Aims: Bark thickness-stem diameter relationships are non-linear above a stem diameter threshold in many woody species, which makes relative bark thickness measures dependent on the range of stem diameters that are sampled. This influences the appropriateness of different methods for comparing fire responses of woody plants across studies. Here we develop a framework for bark thickness comparisons by evaluating relative bark thickness estimates and bark thickness predictions obtained from linear and curved models fitted to raw and log-transformed bark-stem data. We use this framework to contrast bark thickness among fynbos and savanna plant functional groups. Location: Fynbos (17 species) and savanna (21 species) systems in South Africa.
Methods: The linear subset of bark-stem data was identified using a three-step procedure. Linear regressions (with and without an intercept) and curved models (allometric and modified exponential models) were fitted to the linear subset and complete raw bark-stem data set, respectively. In addition, linear regression models were fitted to the log-transformed complete bark-stem data set. Regression slopes and bark thickness predictions obtained from these different approaches were compared, to determine which method provides the most robust metric for comparing bark thickness. Bark thickness was compared among fynbos resprouter guilds and acacias from low- and high-fire savannas.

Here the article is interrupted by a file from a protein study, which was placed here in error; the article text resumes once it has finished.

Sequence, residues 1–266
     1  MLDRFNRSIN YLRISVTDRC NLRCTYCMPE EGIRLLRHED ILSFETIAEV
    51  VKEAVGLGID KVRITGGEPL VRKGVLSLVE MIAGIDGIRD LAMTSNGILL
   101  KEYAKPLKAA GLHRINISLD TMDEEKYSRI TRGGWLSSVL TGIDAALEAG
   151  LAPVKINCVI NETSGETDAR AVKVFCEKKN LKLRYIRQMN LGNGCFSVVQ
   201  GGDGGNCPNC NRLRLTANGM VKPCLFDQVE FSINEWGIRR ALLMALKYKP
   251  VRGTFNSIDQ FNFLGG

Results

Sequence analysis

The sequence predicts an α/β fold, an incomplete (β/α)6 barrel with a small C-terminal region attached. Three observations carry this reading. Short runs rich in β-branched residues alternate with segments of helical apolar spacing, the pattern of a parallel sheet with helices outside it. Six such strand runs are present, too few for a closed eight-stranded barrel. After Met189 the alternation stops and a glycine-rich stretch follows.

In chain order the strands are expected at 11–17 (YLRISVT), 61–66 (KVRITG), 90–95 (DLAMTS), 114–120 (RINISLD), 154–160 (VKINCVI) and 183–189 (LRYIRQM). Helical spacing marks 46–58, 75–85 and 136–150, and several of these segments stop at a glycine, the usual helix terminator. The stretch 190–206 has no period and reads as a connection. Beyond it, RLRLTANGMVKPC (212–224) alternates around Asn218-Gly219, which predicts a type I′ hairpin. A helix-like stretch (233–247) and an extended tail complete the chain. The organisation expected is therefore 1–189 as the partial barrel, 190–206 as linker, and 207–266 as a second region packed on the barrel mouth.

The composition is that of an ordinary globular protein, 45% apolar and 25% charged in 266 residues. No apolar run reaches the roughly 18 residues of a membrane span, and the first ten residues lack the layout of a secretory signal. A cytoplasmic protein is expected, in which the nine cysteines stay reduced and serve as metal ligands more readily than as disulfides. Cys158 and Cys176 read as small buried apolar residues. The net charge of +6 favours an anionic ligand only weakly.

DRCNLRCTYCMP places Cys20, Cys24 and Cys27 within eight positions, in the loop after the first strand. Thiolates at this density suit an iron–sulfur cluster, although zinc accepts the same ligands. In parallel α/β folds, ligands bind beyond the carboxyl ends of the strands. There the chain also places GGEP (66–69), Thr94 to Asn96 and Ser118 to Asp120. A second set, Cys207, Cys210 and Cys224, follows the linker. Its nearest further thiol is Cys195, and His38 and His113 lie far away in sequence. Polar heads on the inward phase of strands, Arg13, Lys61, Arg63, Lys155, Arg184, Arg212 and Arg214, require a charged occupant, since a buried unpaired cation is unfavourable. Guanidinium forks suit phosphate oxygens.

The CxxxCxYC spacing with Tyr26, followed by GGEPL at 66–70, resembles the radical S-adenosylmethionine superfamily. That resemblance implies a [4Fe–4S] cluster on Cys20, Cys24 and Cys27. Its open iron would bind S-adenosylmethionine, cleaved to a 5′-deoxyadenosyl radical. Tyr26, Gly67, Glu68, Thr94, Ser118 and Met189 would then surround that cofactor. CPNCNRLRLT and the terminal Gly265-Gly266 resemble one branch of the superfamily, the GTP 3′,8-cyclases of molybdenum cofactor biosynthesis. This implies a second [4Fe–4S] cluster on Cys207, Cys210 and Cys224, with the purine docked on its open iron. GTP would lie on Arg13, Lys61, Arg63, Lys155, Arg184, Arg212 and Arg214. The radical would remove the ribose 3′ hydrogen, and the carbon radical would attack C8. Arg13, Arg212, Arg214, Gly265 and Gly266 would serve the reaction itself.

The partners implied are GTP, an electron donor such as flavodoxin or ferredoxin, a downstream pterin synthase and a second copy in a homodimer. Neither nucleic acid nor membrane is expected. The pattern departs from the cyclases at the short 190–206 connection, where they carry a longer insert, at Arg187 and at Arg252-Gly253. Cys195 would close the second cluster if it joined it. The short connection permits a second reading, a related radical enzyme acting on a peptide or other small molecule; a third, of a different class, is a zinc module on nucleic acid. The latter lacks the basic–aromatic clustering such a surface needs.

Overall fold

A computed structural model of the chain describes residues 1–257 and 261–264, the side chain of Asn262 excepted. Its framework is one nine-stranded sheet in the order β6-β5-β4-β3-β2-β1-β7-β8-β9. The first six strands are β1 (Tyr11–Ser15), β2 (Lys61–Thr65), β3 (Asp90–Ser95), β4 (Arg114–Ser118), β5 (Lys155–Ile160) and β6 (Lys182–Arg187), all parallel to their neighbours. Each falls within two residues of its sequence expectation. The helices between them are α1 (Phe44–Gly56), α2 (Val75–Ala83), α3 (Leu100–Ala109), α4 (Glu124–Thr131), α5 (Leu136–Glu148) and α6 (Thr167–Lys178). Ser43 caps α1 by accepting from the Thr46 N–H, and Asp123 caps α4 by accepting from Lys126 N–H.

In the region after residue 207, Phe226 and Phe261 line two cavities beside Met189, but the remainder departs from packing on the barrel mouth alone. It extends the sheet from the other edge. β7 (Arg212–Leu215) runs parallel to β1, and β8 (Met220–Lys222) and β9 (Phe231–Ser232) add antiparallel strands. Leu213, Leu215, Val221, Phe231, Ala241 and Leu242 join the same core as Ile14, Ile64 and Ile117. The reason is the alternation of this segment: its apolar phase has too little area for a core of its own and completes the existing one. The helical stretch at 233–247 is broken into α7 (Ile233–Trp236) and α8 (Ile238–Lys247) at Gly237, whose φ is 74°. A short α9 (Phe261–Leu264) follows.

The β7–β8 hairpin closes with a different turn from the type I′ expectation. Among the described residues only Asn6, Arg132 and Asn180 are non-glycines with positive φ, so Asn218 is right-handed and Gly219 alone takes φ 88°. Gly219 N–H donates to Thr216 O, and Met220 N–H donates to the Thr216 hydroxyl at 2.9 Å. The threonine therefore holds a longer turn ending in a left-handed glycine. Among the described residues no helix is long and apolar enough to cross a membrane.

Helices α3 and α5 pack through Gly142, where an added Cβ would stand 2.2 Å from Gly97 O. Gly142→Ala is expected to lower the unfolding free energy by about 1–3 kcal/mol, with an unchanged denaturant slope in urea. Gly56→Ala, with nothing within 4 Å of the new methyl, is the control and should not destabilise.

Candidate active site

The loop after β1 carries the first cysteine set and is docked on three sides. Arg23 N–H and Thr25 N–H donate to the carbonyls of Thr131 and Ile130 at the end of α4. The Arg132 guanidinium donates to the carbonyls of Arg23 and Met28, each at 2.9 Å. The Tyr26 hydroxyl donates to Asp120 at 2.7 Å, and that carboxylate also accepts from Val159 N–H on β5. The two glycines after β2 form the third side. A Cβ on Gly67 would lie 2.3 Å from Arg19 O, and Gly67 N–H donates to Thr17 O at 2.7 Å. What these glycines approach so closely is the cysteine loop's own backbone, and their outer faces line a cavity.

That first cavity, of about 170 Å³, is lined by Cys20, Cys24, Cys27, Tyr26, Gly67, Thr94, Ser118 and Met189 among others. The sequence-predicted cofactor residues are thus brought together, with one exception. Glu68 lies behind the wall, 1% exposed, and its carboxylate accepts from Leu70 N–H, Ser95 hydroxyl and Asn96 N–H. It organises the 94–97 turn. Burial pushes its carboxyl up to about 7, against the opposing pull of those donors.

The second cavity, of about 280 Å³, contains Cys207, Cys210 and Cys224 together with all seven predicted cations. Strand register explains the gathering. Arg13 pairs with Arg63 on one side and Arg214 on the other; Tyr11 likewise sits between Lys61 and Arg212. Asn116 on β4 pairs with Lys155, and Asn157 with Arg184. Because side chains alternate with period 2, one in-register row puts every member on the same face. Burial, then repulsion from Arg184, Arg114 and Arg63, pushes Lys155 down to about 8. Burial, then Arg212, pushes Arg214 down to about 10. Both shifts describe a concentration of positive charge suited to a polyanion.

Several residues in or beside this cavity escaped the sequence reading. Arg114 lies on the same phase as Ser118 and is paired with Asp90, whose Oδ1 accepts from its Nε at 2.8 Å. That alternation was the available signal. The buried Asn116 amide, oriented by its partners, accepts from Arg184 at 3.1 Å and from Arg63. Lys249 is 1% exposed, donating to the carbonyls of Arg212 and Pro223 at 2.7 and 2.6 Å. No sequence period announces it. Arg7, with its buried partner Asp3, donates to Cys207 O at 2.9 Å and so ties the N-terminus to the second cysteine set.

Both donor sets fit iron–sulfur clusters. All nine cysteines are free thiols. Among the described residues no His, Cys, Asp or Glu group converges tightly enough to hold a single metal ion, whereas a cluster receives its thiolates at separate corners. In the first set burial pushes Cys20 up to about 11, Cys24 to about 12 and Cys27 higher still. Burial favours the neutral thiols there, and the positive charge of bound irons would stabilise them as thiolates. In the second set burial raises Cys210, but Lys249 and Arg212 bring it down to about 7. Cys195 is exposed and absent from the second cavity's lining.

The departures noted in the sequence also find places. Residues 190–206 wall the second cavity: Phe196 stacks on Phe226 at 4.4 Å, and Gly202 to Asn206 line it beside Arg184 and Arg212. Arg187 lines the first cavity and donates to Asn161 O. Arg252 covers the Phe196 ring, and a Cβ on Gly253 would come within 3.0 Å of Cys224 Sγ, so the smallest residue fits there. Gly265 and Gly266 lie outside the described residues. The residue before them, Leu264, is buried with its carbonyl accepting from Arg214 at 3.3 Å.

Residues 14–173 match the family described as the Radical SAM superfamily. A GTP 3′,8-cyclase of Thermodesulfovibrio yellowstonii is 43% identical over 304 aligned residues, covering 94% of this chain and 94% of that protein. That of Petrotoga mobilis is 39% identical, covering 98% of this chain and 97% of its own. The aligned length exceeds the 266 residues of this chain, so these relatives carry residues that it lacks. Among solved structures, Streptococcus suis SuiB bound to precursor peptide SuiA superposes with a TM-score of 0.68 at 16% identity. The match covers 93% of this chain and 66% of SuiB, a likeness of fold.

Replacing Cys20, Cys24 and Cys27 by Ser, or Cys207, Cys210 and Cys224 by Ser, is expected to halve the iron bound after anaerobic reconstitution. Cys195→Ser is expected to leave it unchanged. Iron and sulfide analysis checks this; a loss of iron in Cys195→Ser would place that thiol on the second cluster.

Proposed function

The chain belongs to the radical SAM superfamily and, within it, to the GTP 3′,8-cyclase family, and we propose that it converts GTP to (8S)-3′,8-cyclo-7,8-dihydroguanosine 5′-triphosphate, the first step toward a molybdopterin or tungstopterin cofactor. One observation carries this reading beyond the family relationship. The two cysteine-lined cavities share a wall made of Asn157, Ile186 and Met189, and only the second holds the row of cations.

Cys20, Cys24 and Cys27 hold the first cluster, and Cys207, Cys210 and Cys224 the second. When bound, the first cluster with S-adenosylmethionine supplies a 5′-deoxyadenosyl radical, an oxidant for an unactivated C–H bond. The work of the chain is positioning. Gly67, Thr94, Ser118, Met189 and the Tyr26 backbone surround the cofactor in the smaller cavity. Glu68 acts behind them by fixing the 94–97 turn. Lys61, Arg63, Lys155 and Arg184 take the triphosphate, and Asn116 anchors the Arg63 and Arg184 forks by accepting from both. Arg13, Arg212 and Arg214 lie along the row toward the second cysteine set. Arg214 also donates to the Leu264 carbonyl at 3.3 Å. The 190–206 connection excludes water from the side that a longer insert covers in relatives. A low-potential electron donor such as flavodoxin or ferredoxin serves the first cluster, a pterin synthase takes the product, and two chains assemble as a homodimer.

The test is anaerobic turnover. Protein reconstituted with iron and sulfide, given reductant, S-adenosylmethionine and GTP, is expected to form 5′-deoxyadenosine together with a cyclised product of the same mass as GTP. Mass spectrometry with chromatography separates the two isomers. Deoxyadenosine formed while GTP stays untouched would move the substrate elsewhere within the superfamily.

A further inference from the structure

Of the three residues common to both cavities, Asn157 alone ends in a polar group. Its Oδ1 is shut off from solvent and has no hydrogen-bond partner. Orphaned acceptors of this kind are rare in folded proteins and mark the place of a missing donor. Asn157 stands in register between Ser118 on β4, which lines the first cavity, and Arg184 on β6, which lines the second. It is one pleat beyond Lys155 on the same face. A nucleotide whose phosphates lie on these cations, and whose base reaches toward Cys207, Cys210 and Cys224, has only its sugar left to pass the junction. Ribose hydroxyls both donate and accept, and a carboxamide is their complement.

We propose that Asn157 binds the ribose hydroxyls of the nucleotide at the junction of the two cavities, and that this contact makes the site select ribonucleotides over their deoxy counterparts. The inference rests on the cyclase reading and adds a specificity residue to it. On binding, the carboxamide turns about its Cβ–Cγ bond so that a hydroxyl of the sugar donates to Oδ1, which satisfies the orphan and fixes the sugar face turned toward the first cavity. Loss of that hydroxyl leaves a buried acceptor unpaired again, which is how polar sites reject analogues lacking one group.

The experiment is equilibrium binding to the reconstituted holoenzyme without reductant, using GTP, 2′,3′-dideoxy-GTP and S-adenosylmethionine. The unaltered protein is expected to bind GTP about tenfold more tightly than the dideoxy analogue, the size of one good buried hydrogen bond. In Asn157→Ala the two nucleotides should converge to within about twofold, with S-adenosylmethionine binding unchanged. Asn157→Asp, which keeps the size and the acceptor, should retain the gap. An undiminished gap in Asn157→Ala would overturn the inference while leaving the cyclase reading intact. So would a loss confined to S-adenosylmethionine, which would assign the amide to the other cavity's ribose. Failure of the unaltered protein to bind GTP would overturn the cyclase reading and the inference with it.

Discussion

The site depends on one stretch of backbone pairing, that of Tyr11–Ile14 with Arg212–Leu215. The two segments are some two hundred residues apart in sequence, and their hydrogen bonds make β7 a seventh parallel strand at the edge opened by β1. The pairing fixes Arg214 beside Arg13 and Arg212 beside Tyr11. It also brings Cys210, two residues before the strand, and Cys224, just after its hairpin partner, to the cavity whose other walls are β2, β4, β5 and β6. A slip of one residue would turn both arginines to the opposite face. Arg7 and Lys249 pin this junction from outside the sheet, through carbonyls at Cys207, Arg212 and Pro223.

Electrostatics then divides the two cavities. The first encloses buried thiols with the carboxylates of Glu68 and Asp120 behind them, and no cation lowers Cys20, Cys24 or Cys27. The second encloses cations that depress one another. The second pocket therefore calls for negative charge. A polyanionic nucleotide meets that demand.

Results: The slope of the regression model fitted to the linear subset of raw bark-stem data provides a reliable metric for general comparisons of relative bark thickness. Bark thickness predictions from the curved and log models were comparable at 20-cm stem diameter, but the log model underestimated bark thickness at 5 cm for certain species. Relative bark thickness was significantly higher in: (1) fynbos fire resisters and epicormic resprouters than in non-resprouters; and (2) acacias from high- vs low-fire savannas. Conclusions: The slope of the regression model fitted to the linear subset of raw bark-stem data is a useful metric for bark thickness comparisons across studies, and compares favourably with bark thickness predictions derived from models fitted to the complete bark-stem data set. Fynbos and savanna trends support the proposition that relative bark thickness reflects differences in woody plant responses to fire and indicate the modal fire regime of ecosystems.